Have your clients got the right Group Income Protection cover in place? Steve Bridger, Head of Group Risk at Aviva, explains the different impacts that two types of Own Occupation cover could have on policyholders.
With the government pushing people towards their employer rather than the welfare system as a safety net for long term illness, it has never been more important for employers to ensure they have the right Group Income Protection (GIP) cover in place.
At first it may appear that there is little difference between “own” occupation cover provided by insurers, however, there are two very distinct differences in the market today – specific Own Occupation and generic Own Occupation.
While specific cover provides the employer with protection in the event that their employees are unable to perform their job role, generic cover looks at ability to work more broadly. It takes into account ability to perform the job with a different employer where particular tasks may not be required.
For example, take an accountant whose back condition precludes her from driving extensively. She is field based so prolonged periods of driving are essential for her current role. With specific cover, the insurer will be looking to reduce its long term claim liability by funding vocational rehabilitation and providing support in order that she can recover and return to work as quickly as possible. In the event that this is not successful the insurer would support a claim on the basis that she cannot return to her role within the firm.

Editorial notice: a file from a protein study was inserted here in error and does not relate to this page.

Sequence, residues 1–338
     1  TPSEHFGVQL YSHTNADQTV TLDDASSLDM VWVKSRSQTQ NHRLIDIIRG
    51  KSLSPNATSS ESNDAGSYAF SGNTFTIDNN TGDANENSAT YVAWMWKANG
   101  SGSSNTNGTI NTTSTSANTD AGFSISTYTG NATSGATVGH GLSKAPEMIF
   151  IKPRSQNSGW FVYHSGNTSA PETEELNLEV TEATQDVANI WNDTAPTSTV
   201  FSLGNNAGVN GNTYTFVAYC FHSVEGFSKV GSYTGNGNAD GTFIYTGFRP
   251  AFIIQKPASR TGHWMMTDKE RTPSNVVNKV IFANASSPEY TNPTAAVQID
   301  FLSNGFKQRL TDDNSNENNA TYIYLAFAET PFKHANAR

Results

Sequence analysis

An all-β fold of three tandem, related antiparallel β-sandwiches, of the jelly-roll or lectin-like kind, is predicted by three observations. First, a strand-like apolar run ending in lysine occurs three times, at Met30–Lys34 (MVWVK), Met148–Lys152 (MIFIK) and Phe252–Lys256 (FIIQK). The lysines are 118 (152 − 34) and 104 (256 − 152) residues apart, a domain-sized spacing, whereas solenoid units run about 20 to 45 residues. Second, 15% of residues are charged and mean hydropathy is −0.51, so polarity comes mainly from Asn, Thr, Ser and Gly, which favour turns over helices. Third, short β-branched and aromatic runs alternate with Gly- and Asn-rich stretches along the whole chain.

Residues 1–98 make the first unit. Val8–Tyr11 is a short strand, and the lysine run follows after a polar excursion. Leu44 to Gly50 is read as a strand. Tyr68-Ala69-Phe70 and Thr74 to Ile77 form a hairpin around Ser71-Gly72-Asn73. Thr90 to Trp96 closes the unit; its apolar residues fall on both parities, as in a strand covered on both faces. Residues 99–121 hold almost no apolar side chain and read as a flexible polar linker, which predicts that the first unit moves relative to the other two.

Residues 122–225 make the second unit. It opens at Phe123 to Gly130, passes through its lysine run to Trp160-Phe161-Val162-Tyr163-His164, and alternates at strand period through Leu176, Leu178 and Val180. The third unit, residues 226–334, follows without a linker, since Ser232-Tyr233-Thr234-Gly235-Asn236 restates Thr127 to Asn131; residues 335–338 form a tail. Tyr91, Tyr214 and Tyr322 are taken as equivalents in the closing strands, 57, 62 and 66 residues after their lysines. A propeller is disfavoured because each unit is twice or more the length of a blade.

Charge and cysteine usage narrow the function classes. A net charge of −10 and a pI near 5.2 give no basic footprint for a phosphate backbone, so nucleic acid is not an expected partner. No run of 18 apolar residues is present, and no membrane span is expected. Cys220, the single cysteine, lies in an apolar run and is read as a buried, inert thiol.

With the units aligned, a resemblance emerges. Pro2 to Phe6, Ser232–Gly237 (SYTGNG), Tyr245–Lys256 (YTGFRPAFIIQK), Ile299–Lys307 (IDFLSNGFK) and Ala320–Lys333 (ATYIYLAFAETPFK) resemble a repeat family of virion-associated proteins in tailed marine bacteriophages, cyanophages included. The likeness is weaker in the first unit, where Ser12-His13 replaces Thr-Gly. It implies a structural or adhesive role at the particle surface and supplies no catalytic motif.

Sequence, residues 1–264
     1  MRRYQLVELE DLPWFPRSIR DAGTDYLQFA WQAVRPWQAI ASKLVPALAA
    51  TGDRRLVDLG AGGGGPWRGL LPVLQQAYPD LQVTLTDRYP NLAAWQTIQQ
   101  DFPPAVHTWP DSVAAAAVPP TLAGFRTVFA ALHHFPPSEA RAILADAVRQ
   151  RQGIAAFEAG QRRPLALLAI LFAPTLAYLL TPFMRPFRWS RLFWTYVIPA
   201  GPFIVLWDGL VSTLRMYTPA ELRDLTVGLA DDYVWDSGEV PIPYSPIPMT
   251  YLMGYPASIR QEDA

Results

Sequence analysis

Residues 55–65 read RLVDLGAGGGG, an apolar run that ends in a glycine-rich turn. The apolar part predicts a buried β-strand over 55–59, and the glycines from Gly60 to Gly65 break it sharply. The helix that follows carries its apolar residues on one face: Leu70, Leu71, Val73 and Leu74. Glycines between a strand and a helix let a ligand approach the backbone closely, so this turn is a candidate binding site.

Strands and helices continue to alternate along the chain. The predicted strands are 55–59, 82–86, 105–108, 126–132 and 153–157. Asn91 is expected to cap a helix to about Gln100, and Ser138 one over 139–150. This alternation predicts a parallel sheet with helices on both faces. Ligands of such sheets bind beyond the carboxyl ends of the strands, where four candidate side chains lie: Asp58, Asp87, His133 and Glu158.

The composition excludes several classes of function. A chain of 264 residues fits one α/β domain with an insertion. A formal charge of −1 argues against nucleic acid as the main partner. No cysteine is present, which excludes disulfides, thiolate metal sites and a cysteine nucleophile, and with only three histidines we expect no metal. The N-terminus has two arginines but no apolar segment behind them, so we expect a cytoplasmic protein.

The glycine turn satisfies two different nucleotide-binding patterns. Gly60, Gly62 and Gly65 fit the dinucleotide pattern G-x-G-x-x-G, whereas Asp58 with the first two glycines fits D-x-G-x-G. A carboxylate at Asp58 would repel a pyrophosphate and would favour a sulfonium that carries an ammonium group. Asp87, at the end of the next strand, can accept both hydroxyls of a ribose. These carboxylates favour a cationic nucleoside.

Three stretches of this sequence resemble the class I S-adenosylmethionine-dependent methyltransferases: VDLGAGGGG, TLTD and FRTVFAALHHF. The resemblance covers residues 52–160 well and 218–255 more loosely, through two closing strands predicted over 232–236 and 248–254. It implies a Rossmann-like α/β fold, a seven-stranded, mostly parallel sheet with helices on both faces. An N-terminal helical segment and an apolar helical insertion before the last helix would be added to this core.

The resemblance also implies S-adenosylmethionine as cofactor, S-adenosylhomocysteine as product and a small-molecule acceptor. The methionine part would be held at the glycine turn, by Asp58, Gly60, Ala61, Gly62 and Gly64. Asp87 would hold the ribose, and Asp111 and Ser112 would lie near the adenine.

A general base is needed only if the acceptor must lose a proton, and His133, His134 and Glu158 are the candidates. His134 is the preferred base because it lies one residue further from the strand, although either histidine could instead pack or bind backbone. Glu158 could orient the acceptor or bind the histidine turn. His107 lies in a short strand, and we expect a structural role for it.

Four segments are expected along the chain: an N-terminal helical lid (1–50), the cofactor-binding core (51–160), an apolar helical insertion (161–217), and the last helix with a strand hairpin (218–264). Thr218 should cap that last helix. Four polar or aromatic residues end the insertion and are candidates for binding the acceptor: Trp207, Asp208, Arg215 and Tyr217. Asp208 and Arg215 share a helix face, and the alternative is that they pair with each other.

With generic cover, the situation is different. The insurer will look at the job duties of an accountant within this industry and may decide that she could work for another employer where driving was not essential. This means the claim may be declined and the employer would be left without funding for rehabilitation.
Specific cover supports the rehabilitation process and complements the government’s aim through welfare reform to encourage employers to play a bigger role in managing sickness absence.
Specific cover may work out more expensive than the alternative, but if choosing generic cover it is important that your client understands what this means for their business and employees.
Whilst generic cover probably means a lower premium, it could lead to complaints
if claims are declined when the policyholder is unaware of the distinct differences between the two methods of assessment. The claim could be declined if a job role within the general occupation description exists with another employer and the employee is medically fit to perform that job.
Specific cover means the premium will almost certainly be higher – however this cover will afford your client with the peace of mind that benefit will be paid if any of their employees are medically incapable of returning to their previous role within your client’s workplace. If the specific assessment definition is met, the insurer will want to install support mechanisms and provide funding to ensure the employee returns to work as soon as possible.
Overall, generic cover may work well for a policy taken out by an individual. It may last through a number of employments and will protect against illness or injury affecting the individual’s ability to perform their underlying occupation.
However, for an employer to indemnify a promise to support their employees if ill or injured, specific cover of the employee’s role provides peace of mind. It also reduces the possibility that the employer has an employee unable to perform their role and unable to claim benefit.
For further information contact Aviva on 0842 300 4452 or email HCGRSS@aviva.co.uk